13 Jan New Report Uncovers Staggering Inequality for Anyone Not Young, White, Straight, and Male in Hollywood
The lack of equality in talent behind the cameras in Hollywood has been at the center of conversation many times this year. And while we know that kind of inequality bleeds into the stories we see in front of the camera, and that movie theaters are packed with superheroes played by white guys named Chris, a new study reveals that Hollywood’s diversity problem is worse than you think. Much, much worse.
In examining gender, race, and ethnicity in Hollywood, the Media, Diversity, and Social Change Initiative at the University of Southern California uncovered some staggering statistics. After seven years of collecting data from the 100 top-grossing fictional films from 2007 to 2014, the group has produced a report titled “Inequality in 700 Popular Films.” Here is just some of what they found:
- Gender: In the 700 top-grossing films from 2007 to 2014, only 30.2 percent of the 30,835 speaking characters were female. That means for every 2.3 guys with lines, you’ll only see one speaking woman. And while there’s no analysis of the quality of the lines given to women, the 2015 blockbusters don’t exactly paint a pretty picture.
- Age: Nestled inside the gender statistics is the fact that in the 100 top-grossing films of 2014, “no female actors over 45 years of age performed a lead or co lead role.” (Nope, not even Meryl Streep. As Manohla Dargis of The New York Times points out, in 2014 “the hardest-working woman in cinema had only supporting roles, including in the Disney musical Into the Woods.”) And outside of the lead roles the study notes that “only 19.9 percent of the middle-aged characters were female across the 100 top films.”
- Race and Ethnicity: Of the speaking characters in the 100 top films of 2014, 73.1 percent were “White,” 12.5 percent were “Black,” 5.3 percent were “Asian,” 4.9 percent were “Hispanic/Latino,” 2.9 percent were “Middle Eastern,” less than 1 percent were “American Indian/Alaskan Native or Native Hawaiian/Pacific Islander,” and 1.2 percent were from “other” racial and/or ethnic groupings. Given that statistic, the uproar over Emma Stone’s controversial casting in Aloha seems pretty justified. As the report points out, sadly, this represents no change “in the portrayal of apparent race/ethnicity” from the previous seven years.
Sexual Orientation: As corroborated by GLAAD’s annual report, things aren’t much better for L.G.B.T. characters. Despite advances in the realm of television, the U.S.C. study reveals that “across 4,610 speaking characters in the 100 top films of 2014, only 19 were Lesbian, Gay or Bisexual. Not one Transgender character was portrayed. Ten characters were coded as Gay, 4 were Lesbian, and 5 were Bisexual.”
Looking at these numbers, it’s clear that female-led movies like The Hunger Games: Mockingjay – Part 1 or Maleficent—number two and eight at the 2014 box office, respectively—were anomalies. And even those movies only address Hollywood’s gender divide. Katniss and Maleficent are still straight, relatively young, and white.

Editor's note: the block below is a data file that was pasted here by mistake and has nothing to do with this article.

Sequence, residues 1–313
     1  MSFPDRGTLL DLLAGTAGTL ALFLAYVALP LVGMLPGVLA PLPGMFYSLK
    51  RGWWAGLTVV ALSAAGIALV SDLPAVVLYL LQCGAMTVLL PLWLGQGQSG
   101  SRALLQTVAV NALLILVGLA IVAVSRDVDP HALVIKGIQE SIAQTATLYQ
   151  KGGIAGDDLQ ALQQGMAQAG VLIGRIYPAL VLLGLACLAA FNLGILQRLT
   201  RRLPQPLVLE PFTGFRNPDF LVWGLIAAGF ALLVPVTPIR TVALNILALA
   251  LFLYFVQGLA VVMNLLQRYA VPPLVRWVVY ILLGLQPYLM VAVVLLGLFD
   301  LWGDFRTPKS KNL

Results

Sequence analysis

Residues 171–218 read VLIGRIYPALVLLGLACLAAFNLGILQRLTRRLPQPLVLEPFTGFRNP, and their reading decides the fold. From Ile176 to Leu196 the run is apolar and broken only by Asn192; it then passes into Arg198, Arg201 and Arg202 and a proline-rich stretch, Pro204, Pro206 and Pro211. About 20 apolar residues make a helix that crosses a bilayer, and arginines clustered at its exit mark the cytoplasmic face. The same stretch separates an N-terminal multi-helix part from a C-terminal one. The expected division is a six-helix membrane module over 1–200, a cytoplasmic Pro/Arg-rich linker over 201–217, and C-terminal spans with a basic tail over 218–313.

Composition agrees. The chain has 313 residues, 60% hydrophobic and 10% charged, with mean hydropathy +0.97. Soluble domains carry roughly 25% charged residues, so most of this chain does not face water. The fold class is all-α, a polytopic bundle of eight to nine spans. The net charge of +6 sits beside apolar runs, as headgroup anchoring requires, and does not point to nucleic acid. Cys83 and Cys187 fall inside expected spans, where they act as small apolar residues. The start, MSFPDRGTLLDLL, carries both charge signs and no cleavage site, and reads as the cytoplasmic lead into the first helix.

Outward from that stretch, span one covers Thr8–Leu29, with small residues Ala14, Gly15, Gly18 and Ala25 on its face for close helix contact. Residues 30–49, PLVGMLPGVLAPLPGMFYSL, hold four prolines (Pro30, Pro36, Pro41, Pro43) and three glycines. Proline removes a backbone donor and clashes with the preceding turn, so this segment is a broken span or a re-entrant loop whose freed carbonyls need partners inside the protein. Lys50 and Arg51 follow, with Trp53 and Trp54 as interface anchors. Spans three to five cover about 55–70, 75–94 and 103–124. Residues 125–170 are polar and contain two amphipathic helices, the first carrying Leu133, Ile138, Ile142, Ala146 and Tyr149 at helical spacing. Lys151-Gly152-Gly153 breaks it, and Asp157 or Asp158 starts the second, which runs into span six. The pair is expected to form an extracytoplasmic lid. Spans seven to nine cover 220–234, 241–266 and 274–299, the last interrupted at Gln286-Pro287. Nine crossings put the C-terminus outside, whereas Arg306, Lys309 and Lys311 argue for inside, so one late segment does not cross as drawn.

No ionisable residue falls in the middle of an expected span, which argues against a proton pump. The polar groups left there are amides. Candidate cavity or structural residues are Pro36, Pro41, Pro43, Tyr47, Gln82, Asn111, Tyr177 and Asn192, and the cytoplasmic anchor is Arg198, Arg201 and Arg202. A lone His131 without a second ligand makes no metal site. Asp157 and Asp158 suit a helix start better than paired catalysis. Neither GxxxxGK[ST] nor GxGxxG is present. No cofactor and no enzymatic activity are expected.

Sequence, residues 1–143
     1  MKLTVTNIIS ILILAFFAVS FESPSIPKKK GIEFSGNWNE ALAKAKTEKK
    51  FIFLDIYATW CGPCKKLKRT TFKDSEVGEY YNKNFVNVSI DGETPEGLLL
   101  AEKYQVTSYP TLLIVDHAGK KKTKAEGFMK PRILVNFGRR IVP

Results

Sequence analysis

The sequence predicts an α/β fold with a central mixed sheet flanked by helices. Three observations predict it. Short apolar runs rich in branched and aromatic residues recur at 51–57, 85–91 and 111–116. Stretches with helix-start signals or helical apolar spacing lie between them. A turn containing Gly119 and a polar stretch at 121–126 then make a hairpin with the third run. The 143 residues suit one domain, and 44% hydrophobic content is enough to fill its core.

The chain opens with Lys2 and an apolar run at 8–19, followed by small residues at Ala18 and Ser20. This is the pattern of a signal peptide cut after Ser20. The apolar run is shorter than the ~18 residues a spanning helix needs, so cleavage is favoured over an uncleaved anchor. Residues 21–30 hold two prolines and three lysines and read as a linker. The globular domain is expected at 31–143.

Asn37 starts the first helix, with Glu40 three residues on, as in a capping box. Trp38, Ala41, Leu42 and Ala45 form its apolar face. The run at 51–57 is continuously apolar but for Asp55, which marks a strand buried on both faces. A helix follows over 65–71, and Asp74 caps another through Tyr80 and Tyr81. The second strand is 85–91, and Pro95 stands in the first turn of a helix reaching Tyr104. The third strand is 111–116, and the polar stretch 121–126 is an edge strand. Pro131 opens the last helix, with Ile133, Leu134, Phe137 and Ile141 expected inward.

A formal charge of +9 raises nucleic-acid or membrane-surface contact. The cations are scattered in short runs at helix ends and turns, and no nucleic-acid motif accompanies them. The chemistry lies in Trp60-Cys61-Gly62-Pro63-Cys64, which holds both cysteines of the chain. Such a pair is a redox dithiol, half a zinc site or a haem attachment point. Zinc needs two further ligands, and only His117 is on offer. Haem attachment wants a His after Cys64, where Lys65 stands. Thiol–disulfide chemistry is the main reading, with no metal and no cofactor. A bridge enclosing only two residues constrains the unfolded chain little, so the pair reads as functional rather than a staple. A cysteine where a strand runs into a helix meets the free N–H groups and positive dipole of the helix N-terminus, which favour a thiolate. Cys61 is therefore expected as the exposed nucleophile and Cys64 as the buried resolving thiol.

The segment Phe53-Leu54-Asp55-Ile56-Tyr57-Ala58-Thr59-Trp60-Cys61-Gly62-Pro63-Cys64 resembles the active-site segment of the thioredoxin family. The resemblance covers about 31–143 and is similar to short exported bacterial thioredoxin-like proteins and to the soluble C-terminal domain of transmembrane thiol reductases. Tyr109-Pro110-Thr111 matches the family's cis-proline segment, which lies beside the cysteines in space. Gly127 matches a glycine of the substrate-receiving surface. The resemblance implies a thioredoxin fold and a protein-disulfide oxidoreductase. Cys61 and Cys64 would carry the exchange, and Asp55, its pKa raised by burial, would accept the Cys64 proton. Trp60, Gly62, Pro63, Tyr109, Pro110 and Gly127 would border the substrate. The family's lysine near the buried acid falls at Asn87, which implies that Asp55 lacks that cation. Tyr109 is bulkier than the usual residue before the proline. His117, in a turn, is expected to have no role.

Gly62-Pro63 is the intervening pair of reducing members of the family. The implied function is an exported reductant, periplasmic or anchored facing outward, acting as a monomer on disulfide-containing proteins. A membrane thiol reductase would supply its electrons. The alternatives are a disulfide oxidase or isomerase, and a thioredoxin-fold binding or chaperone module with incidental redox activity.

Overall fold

And it’s not just the numbers that matter. The “700 Popular Films” study also revealed that in 2014, women were still heavily sexualized over men. Female characters were more likely to wear sexually revealing clothing (27.9% of females vs. 8% of males), display nudity (26.4% of females vs. 9.1% of males), and have their good looks commented on (12.6% of females vs. 3.1% of males).
The “700 Popular Films” study does reveal that if there is going to be a change in representation in Hollywood it’s coming, as you might expect, from films aimed at a younger audience. Not all the statistics here are great. Despite the success of 2013’s Frozen, less than a quarter of all speaking characters in the top animated films of 2014 were female, and none were coded as L.G.B.T. But, there was a 25.4 percent increase in underrepresented races and ethnicities in the 2014 animated films. The study points out that over half of those characters were in the Día de Los Muertos–themed film The Book of Life, but even without it, there was “still a significant increase in the percentage of underrepresented speaking characters in animated films from 2007 to 2014.”
It makes sense that as the nation grows ever more accepting of diversity (or even as Hollywood increasingly appeals to a non-white, international audience) things will continue to improve. And with entries like the racially diverse Furious 7 and the female-friendly Mad Max: Fury Road already in good standing at the 2015 box office, you have to hope that the statistics next year will be even better. But it’s important to have a clear-eyed look at just how far Hollywood has to go, and how important social media–based movements like Every Single Word Spoken or Shit People Say to Women Directors actually are. But, more importantly, film lovers wanting to see change in Hollywood have the opportunity to vote with their dollars. So whether you’re supporting Michael B. Jordan in Fantastic Four or Meryl Streep in Ricki and the Flash, make your moviegoing bucks count for something this weekend.